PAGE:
|Publication number||US649051 A|
|Publication date||May 8, 1900|
|Filing date||Jan 22, 1900|
|Priority date||Jan 22, 1900|
|Publication number||US 649051 A, US 649051A, US-A-649051, US649051 A, US649051A|
|Inventors||Joseph A Hamman|
|Original Assignee||Joseph A Hamman|
|Export Citation||BiBTeX, EndNote, RefMan|
|Referenced by (4), Classifications (1)|
|External Links: USPTO, USPTO Assignment, Espacenet|
Patnted May 8, |900.
J. A HAMMAM. STACK FJRMEH. (Application led'an. 22, 1900,)
2 Sheets-Sheet l'.
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No. 649,05I. Patented May 8, 1900. J. A. HAMMAN.
(Application led Jan. 22, 1900.)
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UNITED '1f-STATES PATENT Ormea.
JOSEPH A. IIAMMAN, OF BEMENT, ILLINOIS.
SPECIFICATION forming part of Letters Patent No. 649,051, dated May 8, 1900. Application iilod January 22,1900. Serial No. 2,398. (No model.)
To all whom it may concern:
Beit known that I, JOSEPH A. HAMMAN, of
Bement, in the county of Piatt and State of.
Illinois, have invented a certain Improved Stack-Former to be Used with Wind-Stackers, of which the following is a specification.
This invention comprises a straw-barrier attached to the tube of a wind-stacker and adjustable with relation thereto to an extent` to enable the side of the stack farthest from the thresher to be positively outlined and colnpactly built. It is exemplified in the structure hereinafter described, and it is defined in the appended claims.
IVind or pneumatic stackers are built tol swing both laterally and vertically, and they are provided with adjustable hoods on theirv discharging ends, by means of which the di-y rection taken by the discharged straw may be controlled. They are also usually made extensible, so that their discharge ends mayv be at different distances from the thresher at the will of the operator; but while they are capable of directingthe discharge of the straw quite completely they fall short of building perfect stacks on account of the fact that after f the straw leaves the stacker it is beyond the control of the` operator, the far side of the stack is formed loosely and unsymmetrically,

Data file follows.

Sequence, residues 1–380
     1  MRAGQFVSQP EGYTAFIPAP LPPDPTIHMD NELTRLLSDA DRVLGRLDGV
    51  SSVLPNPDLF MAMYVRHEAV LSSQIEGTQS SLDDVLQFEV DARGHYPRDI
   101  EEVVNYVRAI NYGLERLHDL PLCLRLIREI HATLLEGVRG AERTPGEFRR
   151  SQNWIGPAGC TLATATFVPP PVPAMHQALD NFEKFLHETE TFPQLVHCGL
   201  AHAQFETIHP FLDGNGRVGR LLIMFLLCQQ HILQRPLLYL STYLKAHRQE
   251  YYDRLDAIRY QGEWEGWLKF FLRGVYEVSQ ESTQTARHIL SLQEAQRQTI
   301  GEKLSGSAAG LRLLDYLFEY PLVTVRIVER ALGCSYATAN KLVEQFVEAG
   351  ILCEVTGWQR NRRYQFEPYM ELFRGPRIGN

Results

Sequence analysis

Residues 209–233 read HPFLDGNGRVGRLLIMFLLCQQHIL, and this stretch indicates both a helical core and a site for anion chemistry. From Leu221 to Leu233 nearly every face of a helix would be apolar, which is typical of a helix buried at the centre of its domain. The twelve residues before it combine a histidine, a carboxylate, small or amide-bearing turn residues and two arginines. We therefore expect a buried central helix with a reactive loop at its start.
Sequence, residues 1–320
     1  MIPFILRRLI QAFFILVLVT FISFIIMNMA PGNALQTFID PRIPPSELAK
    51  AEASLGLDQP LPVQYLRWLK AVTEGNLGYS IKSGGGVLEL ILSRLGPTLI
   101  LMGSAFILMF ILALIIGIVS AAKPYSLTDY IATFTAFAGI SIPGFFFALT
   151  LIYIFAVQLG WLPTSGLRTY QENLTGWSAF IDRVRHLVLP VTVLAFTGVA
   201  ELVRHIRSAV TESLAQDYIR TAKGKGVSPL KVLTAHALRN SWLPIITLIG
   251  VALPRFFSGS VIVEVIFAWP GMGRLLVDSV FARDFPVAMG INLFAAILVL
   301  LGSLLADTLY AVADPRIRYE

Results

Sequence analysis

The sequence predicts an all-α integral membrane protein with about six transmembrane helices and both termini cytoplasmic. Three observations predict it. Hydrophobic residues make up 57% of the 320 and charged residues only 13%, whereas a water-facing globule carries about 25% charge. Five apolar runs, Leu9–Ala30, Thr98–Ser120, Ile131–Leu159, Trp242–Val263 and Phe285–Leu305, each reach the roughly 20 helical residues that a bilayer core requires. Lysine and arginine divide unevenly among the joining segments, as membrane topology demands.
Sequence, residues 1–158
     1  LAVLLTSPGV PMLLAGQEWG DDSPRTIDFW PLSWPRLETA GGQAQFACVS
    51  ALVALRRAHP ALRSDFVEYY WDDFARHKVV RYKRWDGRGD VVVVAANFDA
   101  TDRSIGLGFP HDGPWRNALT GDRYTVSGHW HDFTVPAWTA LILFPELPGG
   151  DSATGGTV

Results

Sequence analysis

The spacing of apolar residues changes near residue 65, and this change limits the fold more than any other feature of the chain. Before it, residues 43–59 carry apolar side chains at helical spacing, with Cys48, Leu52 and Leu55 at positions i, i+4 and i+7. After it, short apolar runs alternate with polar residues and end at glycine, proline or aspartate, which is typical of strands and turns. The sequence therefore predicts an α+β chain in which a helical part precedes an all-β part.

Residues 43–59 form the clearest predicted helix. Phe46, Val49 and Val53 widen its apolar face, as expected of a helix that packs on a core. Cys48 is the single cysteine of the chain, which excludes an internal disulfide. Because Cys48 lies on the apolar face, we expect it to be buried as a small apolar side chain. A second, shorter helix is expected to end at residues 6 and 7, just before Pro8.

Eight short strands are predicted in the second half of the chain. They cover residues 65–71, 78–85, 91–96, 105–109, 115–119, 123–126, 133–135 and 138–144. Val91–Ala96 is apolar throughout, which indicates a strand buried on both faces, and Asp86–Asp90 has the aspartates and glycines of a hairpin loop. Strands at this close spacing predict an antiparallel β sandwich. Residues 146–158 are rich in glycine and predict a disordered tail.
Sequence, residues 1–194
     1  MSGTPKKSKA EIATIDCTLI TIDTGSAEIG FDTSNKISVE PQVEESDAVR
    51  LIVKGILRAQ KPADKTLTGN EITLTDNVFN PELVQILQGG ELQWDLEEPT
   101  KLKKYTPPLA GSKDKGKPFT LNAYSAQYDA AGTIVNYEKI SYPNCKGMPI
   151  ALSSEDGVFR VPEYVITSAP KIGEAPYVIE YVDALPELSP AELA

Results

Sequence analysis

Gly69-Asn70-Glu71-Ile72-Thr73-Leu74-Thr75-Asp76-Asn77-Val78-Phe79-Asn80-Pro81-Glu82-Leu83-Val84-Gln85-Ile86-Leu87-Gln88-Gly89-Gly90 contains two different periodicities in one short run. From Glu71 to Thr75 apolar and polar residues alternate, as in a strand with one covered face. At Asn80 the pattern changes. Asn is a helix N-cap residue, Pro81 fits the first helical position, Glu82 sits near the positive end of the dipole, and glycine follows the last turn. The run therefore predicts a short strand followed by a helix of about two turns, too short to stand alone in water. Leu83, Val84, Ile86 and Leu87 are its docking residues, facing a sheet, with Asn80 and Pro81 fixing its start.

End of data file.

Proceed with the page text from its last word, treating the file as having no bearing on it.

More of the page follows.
of my invention, and Fig. 2 is a side elevation of the same.
A laterally and vertically swingable section of a wind-stacker tube is shown at 1, at 2 is shown a telescoping extension of the tube, and an adjustable hood on the discharge end of the stacker-tube is shown at 3. These elements are well known to stacker-men. ,They
tube in front of the discharge end thereof, whereby the straw may be confined in the limits described by the swing of the plate, and the stack may be firmly and symmetrically shaped by sliding action of the plate. C0n= sidered specifically, the barrier-plate9 has its vertical ends 9 turned outward or away from the thresher, so as to form inclines that run freely against the straw asv the plate is swung from side to side and pack it in place. Lugs S are fastened to the upper edge of the plate, near the ends thereof, and they form pivotbearings for the arms that support the plate. The arms or rods comprise rods 6, which are pivotally connected with lugs 8, tubes 5, into which the rods are extended, and larger tubes 4, which receive tubes 5 and which are pivotally connected one with each side of the slidable section of the stackertube. The tubes 5 are preferably fastened permanently in the larger tubes 4, while the rods are held adjustably in the tubes 5 by means of setscrews, one of which is shown at 3l in Fig. 2. Strips 10 are fastened to the inside surface of the plate 9 under lugs 8, rings l2 are slipped yover tubes 5 and rods 6, and iiaps 11 of iexible material are fastened tothe strips and to the rings. The Iiaps are triangular in outline, they terminate in acute angles adjacent to the discharge end of the stacker-tube, and form guides to conduct the straw toward the barrier-plate. Clamp-rings 14 are secured on tubes 5v near the ends of tubes 4, they are connected with the tubes by means ends of the flaps with the collars. Bars 25 -are fastened to the rear or outer surface of the v pivot of the plate, and are provided with lines 26 and 26h, which converge toward the lthresher and merge into a single line 26. The Iiaps 1l connect with the plate below the pivot thereof, and the springs tend to pull the lower edge of the plate toward the thresher. The lines 26n are attached to the plate above the pivot thereof, and a pull thereon tends to swing the lower edge ofthe plate away from the thresher, and so the lines and the springs provide means whereby an operator may inanipulate the lines to vary the position of the plate with relation to the vertical.